See how moms used weird baby window cages & other ‘interesting’ child containment devices way back when

Vintage baby window cages

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Baby window cages for an infant’s… health?

Babies are a lot of work, as anyone who has ever cared for one will attest. Over the years, intrepid inventors have tried to come up with ideas that would ease the burden on parents — giving them a little help by helping keep baby safe and contained while they enjoyed the health benefits of fresh, cooler air.

As you can see here, the results were mixed. Contained? Yes. Well-ventilated? Indeed.

Safe? That’s questionable… especially the further back you go — like to when infants were suspended from high buildings in baby window cages (in what was considered fresher air outside — though knowing what we know today, we’re skeptical that was the case).

Would you consider using a baby window cage today?

Many of the older versions of baby window cages — from the 1910s and 1920s — were essentially dog kennels that had been window-mounted like one of today’s small air conditioning units.

Take a look and see what you think of a few of these contraptions from the past — things that more often looked like baby cages than a safe spot to park junior in the afternoon, and gradually morphed into cribs with lids.

ALSO SEE: 47 dangerous old playgrounds that our great-grandparents somehow survived

Baby window cage: Where the President’s granddaughter slept (1916)

Little Ellen Wilson McAdoo, daughter of the secretary of the treasury, and granddaughter of President Wilson,  is a “fresh air baby.”

In the box-like crib shown [here], the young lady takes her daily naps and her evening rest. The crib is so constructed that it may be swung out from the window so as to allow the child fresh air without the care of nurse or mother. It is securely fastened and accident-proof.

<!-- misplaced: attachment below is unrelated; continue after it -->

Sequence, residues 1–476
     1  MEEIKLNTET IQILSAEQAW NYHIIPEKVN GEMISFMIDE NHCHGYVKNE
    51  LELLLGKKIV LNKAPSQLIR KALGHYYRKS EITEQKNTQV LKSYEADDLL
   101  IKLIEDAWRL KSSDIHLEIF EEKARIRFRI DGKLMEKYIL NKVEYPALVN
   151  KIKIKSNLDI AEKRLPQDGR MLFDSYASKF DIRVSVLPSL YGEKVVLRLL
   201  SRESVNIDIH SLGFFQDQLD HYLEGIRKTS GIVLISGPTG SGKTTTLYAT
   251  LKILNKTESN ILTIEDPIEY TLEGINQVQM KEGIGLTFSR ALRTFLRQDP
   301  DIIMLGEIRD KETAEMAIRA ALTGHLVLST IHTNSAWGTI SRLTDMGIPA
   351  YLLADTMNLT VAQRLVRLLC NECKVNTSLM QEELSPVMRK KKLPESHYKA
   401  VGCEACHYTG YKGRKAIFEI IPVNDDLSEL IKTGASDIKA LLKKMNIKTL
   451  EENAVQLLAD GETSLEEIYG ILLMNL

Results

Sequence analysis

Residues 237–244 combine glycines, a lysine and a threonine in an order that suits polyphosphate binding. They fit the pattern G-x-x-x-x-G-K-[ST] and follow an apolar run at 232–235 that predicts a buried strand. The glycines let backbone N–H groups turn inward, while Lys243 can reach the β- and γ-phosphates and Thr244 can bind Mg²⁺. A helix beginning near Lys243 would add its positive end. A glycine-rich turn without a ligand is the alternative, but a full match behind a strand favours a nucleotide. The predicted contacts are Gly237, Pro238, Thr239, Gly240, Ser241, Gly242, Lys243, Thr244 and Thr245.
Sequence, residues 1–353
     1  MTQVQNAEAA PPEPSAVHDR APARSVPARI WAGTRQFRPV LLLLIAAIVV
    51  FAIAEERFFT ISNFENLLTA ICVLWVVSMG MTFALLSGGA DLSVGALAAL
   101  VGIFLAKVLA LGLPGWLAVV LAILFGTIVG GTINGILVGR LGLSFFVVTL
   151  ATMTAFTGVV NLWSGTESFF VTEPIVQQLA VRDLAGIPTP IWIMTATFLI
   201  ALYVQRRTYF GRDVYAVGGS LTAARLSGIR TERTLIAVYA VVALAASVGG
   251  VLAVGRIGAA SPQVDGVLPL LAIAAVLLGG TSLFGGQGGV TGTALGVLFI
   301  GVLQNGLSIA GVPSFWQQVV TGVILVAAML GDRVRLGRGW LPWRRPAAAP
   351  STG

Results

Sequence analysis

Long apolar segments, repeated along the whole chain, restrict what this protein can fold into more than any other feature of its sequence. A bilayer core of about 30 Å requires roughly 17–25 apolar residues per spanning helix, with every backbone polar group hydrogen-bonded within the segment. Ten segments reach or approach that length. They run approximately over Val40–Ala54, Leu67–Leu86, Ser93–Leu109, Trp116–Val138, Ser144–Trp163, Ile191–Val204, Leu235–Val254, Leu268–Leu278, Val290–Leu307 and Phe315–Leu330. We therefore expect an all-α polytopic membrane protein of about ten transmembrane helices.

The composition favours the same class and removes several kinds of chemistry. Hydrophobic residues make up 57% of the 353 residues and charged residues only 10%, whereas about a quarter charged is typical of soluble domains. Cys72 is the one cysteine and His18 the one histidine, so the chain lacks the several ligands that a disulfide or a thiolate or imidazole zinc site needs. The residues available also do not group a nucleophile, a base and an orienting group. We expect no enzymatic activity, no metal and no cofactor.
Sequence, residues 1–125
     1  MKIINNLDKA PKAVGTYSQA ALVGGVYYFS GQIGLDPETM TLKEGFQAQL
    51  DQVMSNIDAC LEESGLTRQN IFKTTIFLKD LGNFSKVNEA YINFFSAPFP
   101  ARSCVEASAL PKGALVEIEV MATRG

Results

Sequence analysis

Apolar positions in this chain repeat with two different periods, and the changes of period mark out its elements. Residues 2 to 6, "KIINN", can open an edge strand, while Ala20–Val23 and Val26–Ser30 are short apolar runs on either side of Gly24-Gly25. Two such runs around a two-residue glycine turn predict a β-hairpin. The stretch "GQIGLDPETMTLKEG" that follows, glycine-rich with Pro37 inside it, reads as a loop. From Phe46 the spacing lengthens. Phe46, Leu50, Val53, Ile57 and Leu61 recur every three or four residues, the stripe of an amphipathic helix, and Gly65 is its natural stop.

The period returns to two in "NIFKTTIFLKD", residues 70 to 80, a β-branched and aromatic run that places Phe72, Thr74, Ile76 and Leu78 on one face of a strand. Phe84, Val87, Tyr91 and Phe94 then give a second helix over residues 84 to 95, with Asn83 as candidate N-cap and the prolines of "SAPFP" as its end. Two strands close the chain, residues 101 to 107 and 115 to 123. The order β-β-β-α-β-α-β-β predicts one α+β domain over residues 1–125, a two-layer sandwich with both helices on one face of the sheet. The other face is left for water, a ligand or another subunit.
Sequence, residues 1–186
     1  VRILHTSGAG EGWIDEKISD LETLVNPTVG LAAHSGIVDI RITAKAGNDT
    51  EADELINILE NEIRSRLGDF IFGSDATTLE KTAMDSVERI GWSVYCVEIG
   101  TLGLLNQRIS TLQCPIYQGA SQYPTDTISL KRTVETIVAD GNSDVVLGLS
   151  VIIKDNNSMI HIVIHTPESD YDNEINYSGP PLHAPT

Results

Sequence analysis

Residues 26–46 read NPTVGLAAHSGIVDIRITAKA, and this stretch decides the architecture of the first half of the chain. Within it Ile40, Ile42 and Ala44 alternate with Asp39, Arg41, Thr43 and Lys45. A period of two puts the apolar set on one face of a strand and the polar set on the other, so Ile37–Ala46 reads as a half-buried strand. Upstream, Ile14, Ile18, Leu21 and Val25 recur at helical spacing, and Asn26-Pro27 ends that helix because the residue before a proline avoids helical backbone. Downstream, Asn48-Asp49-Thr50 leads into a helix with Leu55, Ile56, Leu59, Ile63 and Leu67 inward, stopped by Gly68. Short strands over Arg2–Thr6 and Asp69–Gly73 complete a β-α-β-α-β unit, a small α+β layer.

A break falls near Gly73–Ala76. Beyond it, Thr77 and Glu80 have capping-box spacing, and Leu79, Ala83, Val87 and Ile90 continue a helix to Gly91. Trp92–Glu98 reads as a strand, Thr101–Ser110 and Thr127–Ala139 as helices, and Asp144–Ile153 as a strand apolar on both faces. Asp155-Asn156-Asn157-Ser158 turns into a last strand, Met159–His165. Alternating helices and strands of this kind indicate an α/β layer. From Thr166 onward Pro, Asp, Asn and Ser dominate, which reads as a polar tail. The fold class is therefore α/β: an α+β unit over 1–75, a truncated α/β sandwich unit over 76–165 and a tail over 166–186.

Baby in a baby window cage (1916)
Even the grandchild of the President of the United States slept in a baby window cage

Baby window cages

The vintage Boggins open-air sleeping compartment for babies

From The Health-Care of the Baby, by Louis Fischer (1920)

A convenient outdoor sleeping compartment readily attached to any window can be bought under the name of “Boggins’ Window Crib.”

This outdoor crib is admirably adapted for city apartments. It is thirty-six inches long, twenty-four inches wide and twenty-seven inches high. The illustration shows how comfortable the baby can be in this crib, and how he can be kept in view of his mother or nurse.

The metal roof is insulated, so that the compartment is always cool in summer. The reinforced screens make it absolutely safe. The baby can not fall out, and flies or mosquitoes can not get in. 

Baby window cage: Vintage Boggins open air sleeping compartment for babies (1920)
Baby window cage viewed from inside the room